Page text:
Little progress on dispute between MMF, province after first meeting with new minister

The leader of the Manitoba Metis Federation says his first meeting with the province’s new Crown services minister made little headway on disputes surrounding a quashed deal with Manitoba Hydro.

Metis federation taking province to court over quashed $67.5M deal

David Chartrand, president of the Manitoba Metis Federation, speaks to reporters after meeting with new Crown Services Minister Colleen Mayer. (CBC)

The leader of the Manitoba Metis Federation says his first meeting with the province's new Crown services minister made little headway on disputes surrounding a quashed deal with Manitoba Hydro.

MMF president David Chartrand met with Crown Services Minister Colleen Mayer and Indigenous and Northern Relations Minister Eileen Clarke at the legislative building Wednesday afternoon.

"I was expecting and hoping there was maybe a new olive branch given out to discuss other matters, but more it was at this point in time, they can't discuss beyond, 'I want to meet you and get to know you,'" Chartrand said to reporters after the meeting.

The MMF filed a lawsuit against the provincial government over a $67.5-million deal struck between Hydro and the MMF but killed by Premier Brian Pallister in the wake of mass resignations at the utility last March.

The agreement would have assured MMF support for the $453-million Manitoba-Minnesota transmission line, targeted to be completed and send power to the U.S. by 2020, as well as other Hydro projects throughout the province over the next several decades.

Chartrand believes the federation has a good chance of winning its case, but even if the MMF loses, Chartrand said the province will have failed to fulfil its duty to consult affected Indigenous groups.

"Even if they win, they lose. First, they're not protecting Manitoba taxpayers ... by their actions, because if they were to hold us back, they're going to cost us a hell of a lot more money. Americans will  probably be quickly reacting if the licence is not issued, because there's a deadline they've got to meet there too."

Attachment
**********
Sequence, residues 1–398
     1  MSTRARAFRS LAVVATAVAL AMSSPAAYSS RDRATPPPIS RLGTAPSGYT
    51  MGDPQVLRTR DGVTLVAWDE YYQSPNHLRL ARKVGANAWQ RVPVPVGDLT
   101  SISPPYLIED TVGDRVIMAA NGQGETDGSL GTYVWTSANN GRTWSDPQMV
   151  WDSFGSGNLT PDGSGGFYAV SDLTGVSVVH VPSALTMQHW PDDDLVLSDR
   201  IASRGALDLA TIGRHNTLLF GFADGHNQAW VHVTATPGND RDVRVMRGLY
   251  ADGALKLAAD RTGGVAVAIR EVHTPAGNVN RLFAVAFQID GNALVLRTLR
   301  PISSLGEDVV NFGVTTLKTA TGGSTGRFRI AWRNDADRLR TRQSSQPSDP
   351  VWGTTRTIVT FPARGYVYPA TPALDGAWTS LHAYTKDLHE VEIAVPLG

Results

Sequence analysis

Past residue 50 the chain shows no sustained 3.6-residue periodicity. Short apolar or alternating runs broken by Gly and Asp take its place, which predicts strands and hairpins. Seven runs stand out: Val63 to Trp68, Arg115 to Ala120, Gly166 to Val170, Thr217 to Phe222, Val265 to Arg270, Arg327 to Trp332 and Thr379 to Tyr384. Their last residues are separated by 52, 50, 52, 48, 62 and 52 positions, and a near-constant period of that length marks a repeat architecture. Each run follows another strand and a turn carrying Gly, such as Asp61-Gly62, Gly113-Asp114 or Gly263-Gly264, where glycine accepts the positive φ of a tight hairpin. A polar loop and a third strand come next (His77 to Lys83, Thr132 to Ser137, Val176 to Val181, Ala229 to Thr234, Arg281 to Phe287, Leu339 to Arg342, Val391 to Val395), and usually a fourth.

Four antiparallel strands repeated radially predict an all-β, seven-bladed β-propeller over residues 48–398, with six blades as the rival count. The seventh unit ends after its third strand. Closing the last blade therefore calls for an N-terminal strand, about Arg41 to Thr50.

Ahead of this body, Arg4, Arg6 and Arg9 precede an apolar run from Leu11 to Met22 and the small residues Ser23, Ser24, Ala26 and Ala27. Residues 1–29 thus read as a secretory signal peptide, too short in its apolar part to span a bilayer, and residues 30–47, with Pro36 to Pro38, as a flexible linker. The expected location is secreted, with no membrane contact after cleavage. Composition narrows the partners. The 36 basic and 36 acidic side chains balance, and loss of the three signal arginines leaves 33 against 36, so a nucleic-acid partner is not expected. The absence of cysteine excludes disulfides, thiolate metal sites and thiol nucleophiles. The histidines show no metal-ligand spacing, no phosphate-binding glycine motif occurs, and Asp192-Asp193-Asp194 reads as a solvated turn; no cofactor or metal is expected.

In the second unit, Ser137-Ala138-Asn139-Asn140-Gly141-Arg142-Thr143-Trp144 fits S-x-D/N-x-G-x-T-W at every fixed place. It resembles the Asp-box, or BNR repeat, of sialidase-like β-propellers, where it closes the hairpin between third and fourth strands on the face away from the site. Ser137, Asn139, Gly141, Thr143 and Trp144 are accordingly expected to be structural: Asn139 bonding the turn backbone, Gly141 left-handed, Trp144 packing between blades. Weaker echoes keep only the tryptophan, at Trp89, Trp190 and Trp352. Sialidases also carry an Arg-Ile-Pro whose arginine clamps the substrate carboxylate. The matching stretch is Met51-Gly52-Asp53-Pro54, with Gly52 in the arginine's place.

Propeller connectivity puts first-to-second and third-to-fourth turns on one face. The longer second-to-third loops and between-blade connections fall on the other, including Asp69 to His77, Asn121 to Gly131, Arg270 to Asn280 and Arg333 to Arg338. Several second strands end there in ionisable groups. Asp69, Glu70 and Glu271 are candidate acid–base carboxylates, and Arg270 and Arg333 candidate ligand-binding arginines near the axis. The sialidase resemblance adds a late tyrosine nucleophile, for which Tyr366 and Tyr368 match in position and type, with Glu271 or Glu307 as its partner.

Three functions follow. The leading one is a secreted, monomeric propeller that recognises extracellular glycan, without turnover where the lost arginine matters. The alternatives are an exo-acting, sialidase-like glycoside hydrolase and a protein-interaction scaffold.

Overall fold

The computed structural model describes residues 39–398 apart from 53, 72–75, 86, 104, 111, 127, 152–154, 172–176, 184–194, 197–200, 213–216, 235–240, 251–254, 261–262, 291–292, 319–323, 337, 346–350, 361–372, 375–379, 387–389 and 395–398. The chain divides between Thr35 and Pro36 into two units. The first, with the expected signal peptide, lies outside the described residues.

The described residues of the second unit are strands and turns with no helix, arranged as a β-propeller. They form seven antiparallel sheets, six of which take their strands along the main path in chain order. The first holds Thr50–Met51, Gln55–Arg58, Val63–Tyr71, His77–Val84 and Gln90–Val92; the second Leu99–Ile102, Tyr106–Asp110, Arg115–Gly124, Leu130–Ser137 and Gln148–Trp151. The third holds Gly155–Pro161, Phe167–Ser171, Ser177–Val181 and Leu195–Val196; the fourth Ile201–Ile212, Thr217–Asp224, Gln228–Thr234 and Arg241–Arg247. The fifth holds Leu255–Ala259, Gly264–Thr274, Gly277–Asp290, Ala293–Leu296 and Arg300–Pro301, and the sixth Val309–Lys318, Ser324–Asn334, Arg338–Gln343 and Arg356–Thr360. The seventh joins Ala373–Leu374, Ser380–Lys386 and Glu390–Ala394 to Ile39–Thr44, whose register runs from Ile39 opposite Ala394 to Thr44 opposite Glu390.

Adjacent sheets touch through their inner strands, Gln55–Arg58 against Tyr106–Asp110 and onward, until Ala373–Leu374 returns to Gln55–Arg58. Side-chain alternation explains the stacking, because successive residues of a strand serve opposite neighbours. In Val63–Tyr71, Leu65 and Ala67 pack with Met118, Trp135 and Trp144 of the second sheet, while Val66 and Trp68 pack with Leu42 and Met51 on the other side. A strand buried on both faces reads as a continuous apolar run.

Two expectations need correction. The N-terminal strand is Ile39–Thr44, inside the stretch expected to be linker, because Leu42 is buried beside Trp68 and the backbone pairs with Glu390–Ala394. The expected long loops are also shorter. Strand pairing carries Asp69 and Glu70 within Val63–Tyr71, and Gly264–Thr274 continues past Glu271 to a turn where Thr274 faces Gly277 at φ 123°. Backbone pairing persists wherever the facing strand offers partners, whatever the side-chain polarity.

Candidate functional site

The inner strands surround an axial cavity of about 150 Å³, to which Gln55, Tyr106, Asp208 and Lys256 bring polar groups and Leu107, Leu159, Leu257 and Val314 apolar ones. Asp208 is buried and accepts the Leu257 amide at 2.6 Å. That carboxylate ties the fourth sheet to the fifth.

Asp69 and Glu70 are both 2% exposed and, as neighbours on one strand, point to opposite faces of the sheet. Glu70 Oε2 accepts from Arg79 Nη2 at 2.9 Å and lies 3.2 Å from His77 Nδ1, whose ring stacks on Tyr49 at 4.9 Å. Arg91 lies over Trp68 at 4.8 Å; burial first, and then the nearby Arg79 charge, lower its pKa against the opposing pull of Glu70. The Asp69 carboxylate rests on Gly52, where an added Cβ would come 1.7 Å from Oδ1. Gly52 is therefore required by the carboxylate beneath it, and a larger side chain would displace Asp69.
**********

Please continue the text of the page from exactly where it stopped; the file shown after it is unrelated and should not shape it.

A spokesperson for the provincial government said it is committed to "mutually respectful relationships between Indigenous and non-Indigenous peoples.

"We are committed to advancing reconciliation with the Indigenous peoples of this province. Reconciliation and consultation requires that parties communicate and listen to the perspectives of others. This is what we hope to achieve through our engagement with the MMF. We will not be discussing matters currently before the courts," the spokesperson said in an email statement.

The National Energy Board is currently holding public hearings on the Manitoba-Minnesota Transmission Project. The MMF has raised the issue of their agreement during the hearings, but in June a lawyer for Hydro told the board there had never been an agreement with the federation.

The Manitoba-Minnesota transmission line is scheduled to provide electricity generated by the Keeyask hydroelectric dam to customers in the U.S. Hydro has signed contracts with utilities south of the border.

With files from Cameron MacLean, Sean Kavanagh